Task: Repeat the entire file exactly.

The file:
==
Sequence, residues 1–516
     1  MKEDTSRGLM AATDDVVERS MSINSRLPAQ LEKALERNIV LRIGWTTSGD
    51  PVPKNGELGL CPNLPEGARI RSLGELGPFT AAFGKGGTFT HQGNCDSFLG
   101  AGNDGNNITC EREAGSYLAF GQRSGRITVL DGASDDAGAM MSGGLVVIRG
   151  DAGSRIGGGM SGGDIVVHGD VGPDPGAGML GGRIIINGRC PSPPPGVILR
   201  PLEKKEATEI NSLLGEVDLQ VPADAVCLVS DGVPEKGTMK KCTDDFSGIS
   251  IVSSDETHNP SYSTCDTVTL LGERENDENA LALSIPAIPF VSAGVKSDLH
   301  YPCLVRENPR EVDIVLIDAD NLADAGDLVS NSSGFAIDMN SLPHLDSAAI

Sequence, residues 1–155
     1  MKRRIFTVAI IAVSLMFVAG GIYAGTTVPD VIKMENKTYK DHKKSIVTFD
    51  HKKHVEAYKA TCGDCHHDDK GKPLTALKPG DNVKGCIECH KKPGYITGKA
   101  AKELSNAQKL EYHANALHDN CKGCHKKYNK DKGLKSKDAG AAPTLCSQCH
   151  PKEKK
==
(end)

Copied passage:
Sequence, residues 1–516
     1  MKEDTSRGLM AATDDVVERS MSINSRLPAQ LEKALERNIV LRIGWTTSGD
    51  PVPKNGELGL CPNLPEGARI RSLGELGPFT AAFGKGGTFT HQGNCDSFLG
   101  AGNDGNNITC EREAGSYLAF GQRSGRITVL DGASDDAGAM MSGGLVVIRG
   151  DAGSRIGGGM SGGDIVVHGD VGPDPGAGML GGRIIINGRC PSPPPGVILR
   201  PLEKKEATEI NSLLGEVDLQ VPADAVCLVS DGVPEKGTMK KCTDDFSGIS
   251  IVSSDETHNP SYSTCDTVTL LGERENDENA LALSIPAIPF VSAGVKSDLH
   301  YPCLVRENPR EVDIVLIDAD NLADAGDLVS NSSGFAIDMN SLPHLDSAAI

Sequence, residues 1–155
     1  MKRRIFTVAI IAVSLMFVAG GIYAGTTVPD VIKMENKTYK DHKKSIVTFD
    51  HKKHVEAYKA TCGDCHHDDK GKPLTALKPG DNVKGCIECH KKPGYITGKA
   101  AKELSNAQKL EYHANALHDN CKGCHKKYNK DKGLKSKDAG AAPTLCSQCH
   151  PKEKK